Harvest 2017: Spain

Harvest 2017 - Spain

It was a varied harvest across Spain – from devastatingly-low yields due to frosts in Rioja, to good volumes for sherry producers. The frosts were followed by a heatwave that affected many regions – which might result in some regionalised price increases. Scorching temperatures accompanied a drought that had the reservoirs half full before the end of July, the lowest for over 20 years. While quantities are down overall, quality remains high.

 

Here's a roundup from our producers across Spain:

Rioja

Vivanco

“In what has been described as ‘the worst year for agriculture in Spain for decades’, the story from Rioja is obviously one of the highest profile,” says Bibendum buyer for Spain Jamie Avenell. Rioja was hit badly by the severe April frosts, with Rioja Alta and Rioja Alavesa the worst affected. Potential yields were then further decreased by the second year of drought conditions and very hot weather through the summer. Volumes are expected to be down by 25-40% across the region.

 

Catalunya

Acustic Celler | Priorat

“2017 has been a very extreme year: we suffered from 6 months’ water shortage and high temperatures. The vineyards resisted very well, and we have been left with a very, very tiny yield making intense and powerful wines,” says winemaker Albert Jane.


Bodegas Tomas Cusine | Costers del Segre

Tomas Cusine saw the longest vintage on record this year, lasting nearly three months. The vineyards were slightly affected by spring frosts, but more so by the severe drought. Careful sorting had to be done to remove raisoned grapes from less drought-resistant varieties like Riesling and Muller Thurgau. Overall the quality of the grapes was high, but quantities are low. “This vintage is good in acidity and we’re seeing outstanding finesse,” says owner and winemaker Tomas Cusine Barber.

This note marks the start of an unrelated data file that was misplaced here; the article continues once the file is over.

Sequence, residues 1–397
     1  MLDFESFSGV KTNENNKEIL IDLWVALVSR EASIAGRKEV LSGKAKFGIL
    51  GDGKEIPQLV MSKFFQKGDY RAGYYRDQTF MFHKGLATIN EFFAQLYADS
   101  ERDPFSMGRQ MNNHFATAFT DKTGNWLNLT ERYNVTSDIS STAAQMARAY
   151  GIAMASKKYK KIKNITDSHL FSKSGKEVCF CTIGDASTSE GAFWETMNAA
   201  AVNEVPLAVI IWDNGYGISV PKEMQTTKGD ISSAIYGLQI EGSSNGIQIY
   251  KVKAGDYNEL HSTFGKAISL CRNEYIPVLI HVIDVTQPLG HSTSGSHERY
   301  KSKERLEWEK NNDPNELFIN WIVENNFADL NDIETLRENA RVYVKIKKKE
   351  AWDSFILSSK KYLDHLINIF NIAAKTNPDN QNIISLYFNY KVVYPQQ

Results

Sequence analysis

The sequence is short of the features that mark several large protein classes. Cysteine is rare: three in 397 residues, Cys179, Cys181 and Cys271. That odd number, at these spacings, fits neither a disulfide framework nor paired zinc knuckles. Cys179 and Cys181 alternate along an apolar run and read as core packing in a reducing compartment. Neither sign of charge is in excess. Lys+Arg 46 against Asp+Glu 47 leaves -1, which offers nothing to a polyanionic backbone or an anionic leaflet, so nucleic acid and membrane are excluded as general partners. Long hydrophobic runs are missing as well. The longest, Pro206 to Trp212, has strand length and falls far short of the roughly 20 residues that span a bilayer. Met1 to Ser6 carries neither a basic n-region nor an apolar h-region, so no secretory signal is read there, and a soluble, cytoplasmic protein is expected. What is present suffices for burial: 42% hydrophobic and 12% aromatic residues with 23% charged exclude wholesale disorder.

Cava Llopart | Subirats

Llopart saw an excellent quality harvest, with very healthy grapes. They were lucky in avoiding the spring frosts, due to the altitude of the vineyards and south westerly breezes. The yields are a quarter smaller than the 20-year average however, due to heat waves and a lack of rain during the summer.

 Llopart

Madrid

Bernabeleva

Despite some frozen shoots early on in the year, the vines at Bernabeleva recovered and managed to avoid disease and pests this year. The vineyards also evaded localised hail storms in July and August, but experienced drought which has slightly reduced yields.

“2017 has been the warmest year since the 1960s in Spain, so the wines have more colour and alcohol, but we have been able to keep good acidity levels, and the wines show a nice balance, so far,” says winemaker Marc Isart.
 

Andalucia

La Ina | Jerez

The southerly location of Andalucia meant that vineyards here escaped the worst of the spring frosts. Summer was hot for La Ina, but, unlike last year, they did not suffer the crop-diminishing winds of the Levante. The harvest was one of the earliest in the bodegas’ history, and grape quality was excellent.

 

La Guita | Manzanilla

“2017 harvest in the Sherry region has provided good volume, particularly compared to 2016 where we had some mildew attacking coastal ‘pagos’,” says export director Ignacio López de Carrizosa. “The quality of the 2017 harvest was also very good, with extremely healthy grapes. This year we had a particularly early harvest caused by very high temperatures generated by long periods of the hot, dry Levante wind.

“Our Palomino musts from Miraflores are showing beautiful mineral character and expressive salinity, which is what we are looking for to top up the younger Criaderas of La Guita.”

 

For more on the harvest across the Northern Hemisphere see our handy infographic.


Date:
20th December 2017


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